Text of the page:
Earth Week 2019
Weather: Sun setting, calm, pretty spring day
Temp: 60 F
As I approach my observation spot evidence of spring is slow to come in northern Vermont. The once crunchy path underfoot is now soggy with wet decaying leaves intertwined with mud protecting and renewing the soil below. As I approach the clearing by the Winooski River the light is reflecting on the water creating a mirror image of the trees protecting the bank. The sun is low in the sky, approaching sunset. I deliberately planned my visit for later in the day to catch the late afternoon light and my breath after a stressful academic day.
On my last visit the water was frozen solid and I was able to visit the “island.” Now, the river is so high the island is barely visible. Debris was everywhere – driftwood like sticks and mud traveling with the winter snow melt was scattered across the landscape. The only sign of new growth were hearty marsh grass struggling through the mud and flood water, and a smattering of buds forming on the trees. The water flooding over the banks into the marshy fields remind me of Aldo Leopold’s April reflections. In Come High Water. Leopold commented that, “The spring flood brings us more than high adventure; it brings likewise an unpredictable miscellany of floaty objects pilfered from upriver farms” (502). That is surely what is here this April evening.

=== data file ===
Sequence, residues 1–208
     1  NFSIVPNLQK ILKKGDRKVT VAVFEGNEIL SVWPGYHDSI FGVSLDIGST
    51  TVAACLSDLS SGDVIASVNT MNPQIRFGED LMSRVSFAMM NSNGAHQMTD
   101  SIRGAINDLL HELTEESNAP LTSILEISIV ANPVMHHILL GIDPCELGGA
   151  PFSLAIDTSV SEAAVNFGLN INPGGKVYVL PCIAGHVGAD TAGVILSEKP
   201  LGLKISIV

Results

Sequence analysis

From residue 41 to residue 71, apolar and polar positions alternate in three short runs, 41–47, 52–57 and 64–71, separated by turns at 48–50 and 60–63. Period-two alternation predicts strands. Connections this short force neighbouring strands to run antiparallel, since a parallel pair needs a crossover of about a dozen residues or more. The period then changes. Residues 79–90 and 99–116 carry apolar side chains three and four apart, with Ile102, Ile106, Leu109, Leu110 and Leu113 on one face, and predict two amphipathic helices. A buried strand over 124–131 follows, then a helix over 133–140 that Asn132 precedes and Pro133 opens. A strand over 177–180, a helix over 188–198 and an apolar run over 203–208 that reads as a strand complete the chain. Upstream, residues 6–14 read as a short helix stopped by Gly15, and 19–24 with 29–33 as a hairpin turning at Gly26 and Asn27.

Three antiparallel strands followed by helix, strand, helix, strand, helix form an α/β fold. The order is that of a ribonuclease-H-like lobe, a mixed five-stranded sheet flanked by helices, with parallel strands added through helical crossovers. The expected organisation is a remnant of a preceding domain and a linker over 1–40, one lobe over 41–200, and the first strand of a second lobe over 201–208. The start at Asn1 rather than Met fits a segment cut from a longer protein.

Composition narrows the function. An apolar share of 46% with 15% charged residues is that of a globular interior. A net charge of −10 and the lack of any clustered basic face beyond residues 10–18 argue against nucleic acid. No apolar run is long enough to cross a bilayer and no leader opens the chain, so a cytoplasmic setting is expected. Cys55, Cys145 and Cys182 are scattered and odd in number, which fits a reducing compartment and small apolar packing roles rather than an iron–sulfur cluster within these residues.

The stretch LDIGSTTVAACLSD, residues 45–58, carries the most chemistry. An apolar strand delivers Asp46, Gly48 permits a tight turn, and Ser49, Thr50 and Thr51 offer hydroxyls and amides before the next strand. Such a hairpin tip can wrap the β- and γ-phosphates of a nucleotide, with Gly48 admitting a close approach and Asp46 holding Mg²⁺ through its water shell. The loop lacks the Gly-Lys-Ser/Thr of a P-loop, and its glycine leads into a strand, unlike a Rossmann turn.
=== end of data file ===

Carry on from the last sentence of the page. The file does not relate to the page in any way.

In my fixed location photo the tree jutting over the water stands ready to bloom into spring. The root system for the protruding tree must be strong to survive the rush of the spring run off. There was no evidence of beaver sign at my location which surprised me given the time of year and how active they’d been in the area during the fall season. I wonder if the flood waters have affected the way they act in the spring? Overall, there were no signs of wildlife, no evening birds or peeper frogs singing songs this spring evening. My sense is that the natural environment is on the verge of bursting back to life and once the water recedes life will spring forth.